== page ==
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Animal reproduction studies have shown an adverse effect on the fetus and there are no adequate and well-controlled studies in humans, but potential benefits may warrant use of the drug in pregnant women despite potential risks.
There are no controlled studies in breastfeeding women, however the risk of untoward effects to a breastfed infant is possible; or, controlled studies show only minimal non-threatening adverse effects. Drugs should be given only if the potential benefit justifies the potential risk to the infant.
Typical usage: Skeletal muscle spasticity of spinal and cerebral origin.
Side Effects: Hallucinations, Allergic reactions, Personality disturbances.
Drug Interaction: Interacts with other drugs like Alcohol, Captopril, Diazepam, Diazoxide, Lithium, Lofexidine, Loprazolam, Methyldopa, Metyrosine, Perindopril, Phenylalanine, Pioglitazone, Quinidine.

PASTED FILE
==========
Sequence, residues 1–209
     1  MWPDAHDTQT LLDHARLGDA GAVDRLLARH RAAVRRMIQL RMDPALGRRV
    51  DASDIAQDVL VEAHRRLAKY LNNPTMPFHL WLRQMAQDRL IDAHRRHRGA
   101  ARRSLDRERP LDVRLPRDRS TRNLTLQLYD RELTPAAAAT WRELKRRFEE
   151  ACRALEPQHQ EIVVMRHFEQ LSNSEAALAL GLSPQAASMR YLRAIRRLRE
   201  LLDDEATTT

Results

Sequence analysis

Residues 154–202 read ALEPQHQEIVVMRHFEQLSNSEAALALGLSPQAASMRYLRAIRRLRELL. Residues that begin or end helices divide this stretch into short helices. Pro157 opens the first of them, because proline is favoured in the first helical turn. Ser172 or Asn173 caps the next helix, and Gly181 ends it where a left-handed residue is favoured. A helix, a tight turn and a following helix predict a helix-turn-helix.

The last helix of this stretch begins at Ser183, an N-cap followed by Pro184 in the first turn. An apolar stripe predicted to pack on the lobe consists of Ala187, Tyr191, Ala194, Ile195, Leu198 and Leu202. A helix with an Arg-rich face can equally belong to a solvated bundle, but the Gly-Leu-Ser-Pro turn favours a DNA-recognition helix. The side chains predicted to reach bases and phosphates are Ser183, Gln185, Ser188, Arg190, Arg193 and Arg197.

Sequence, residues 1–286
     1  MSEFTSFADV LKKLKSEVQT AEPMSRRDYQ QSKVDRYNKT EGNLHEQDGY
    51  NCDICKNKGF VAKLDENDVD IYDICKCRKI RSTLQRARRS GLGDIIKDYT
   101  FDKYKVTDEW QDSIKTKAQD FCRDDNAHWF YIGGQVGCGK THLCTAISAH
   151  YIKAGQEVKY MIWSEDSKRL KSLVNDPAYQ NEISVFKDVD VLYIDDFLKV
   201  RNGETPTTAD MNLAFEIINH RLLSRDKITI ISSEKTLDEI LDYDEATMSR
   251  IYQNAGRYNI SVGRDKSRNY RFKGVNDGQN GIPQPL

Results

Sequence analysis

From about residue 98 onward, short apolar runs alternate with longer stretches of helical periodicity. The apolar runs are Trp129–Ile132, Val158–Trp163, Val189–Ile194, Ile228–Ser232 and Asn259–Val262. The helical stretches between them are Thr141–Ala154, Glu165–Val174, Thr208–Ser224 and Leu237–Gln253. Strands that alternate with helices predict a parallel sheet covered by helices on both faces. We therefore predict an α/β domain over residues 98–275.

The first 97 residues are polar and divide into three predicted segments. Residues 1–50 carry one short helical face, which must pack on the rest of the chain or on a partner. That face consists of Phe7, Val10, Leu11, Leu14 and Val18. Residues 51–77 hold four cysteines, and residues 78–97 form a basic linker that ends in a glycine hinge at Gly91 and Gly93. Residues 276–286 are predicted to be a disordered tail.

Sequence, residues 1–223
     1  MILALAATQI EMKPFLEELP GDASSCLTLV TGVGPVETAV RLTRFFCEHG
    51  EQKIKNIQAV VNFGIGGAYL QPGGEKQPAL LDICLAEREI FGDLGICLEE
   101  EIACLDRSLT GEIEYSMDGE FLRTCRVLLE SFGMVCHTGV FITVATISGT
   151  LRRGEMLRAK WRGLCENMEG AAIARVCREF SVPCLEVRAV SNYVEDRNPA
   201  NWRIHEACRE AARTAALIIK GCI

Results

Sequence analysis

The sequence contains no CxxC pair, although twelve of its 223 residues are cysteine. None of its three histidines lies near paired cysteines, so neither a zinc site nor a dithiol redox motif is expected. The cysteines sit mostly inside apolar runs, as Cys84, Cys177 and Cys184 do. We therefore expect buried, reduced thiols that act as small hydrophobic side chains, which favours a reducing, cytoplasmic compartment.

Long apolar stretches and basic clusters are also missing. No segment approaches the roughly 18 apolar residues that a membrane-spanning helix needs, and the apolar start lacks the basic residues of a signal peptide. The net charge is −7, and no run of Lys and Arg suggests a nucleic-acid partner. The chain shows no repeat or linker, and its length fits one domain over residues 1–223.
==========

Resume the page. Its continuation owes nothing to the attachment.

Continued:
Mechanism Of Action: Baclofen is an oral and injectable medication that relaxes skeletal muscles, the muscles that move the skeleton (and also called striated muscle). Chemically, baclofen is related to gamma-aminobutyric acid (GABA), a naturally-occurring neurotransmitter in the brain. Neurotransmitters are chemicals that nerves use to communicate with one another. GABA released by some nerves causes the activity of other nerves to decrease. It is believed that baclofen, acting like GABA, blocks the activity of nerves within the part of the brain that controls the contraction and relaxation of skeletal muscle.
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Showing 5 of 7